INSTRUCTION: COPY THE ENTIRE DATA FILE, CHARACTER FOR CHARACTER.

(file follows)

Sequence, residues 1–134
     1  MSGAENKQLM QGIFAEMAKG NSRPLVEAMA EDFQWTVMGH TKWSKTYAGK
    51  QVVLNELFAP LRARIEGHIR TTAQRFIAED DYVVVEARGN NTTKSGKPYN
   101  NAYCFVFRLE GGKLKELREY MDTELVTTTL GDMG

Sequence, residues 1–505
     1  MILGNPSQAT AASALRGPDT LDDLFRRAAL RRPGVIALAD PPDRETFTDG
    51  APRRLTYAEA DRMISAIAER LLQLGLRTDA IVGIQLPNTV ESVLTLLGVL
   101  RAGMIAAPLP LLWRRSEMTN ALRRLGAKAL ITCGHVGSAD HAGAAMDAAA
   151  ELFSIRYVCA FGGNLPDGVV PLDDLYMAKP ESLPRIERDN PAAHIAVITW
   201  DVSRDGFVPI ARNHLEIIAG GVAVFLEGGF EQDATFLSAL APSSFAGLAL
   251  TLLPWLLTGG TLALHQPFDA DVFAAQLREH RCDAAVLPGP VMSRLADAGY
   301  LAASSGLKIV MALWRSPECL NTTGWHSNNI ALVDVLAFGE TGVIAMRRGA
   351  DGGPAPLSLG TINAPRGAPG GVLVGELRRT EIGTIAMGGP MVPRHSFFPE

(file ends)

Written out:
Sequence, residues 1–134
     1  MSGAENKQLM QGIFAEMAKG NSRPLVEAMA EDFQWTVMGH TKWSKTYAGK
    51  QVVLNELFAP LRARIEGHIR TTAQRFIAED DYVVVEARGN NTTKSGKPYN
   101  NAYCFVFRLE GGKLKELREY MDTELVTTTL GDMG

Sequence, residues 1–505
     1  MILGNPSQAT AASALRGPDT LDDLFRRAAL RRPGVIALAD PPDRETFTDG
    51  APRRLTYAEA DRMISAIAER LLQLGLRTDA IVGIQLPNTV ESVLTLLGVL
   101  RAGMIAAPLP LLWRRSEMTN ALRRLGAKAL ITCGHVGSAD HAGAAMDAAA
   151  ELFSIRYVCA FGGNLPDGVV PLDDLYMAKP ESLPRIERDN PAAHIAVITW
   201  DVSRDGFVPI ARNHLEIIAG GVAVFLEGGF EQDATFLSAL APSSFAGLAL
   251  TLLPWLLTGG TLALHQPFDA DVFAAQLREH RCDAAVLPGP VMSRLADAGY
   301  LAASSGLKIV MALWRSPECL NTTGWHSNNI ALVDVLAFGE TGVIAMRRGA
   351  DGGPAPLSLG TINAPRGAPG GVLVGELRRT EIGTIAMGGP MVPRHSFFPE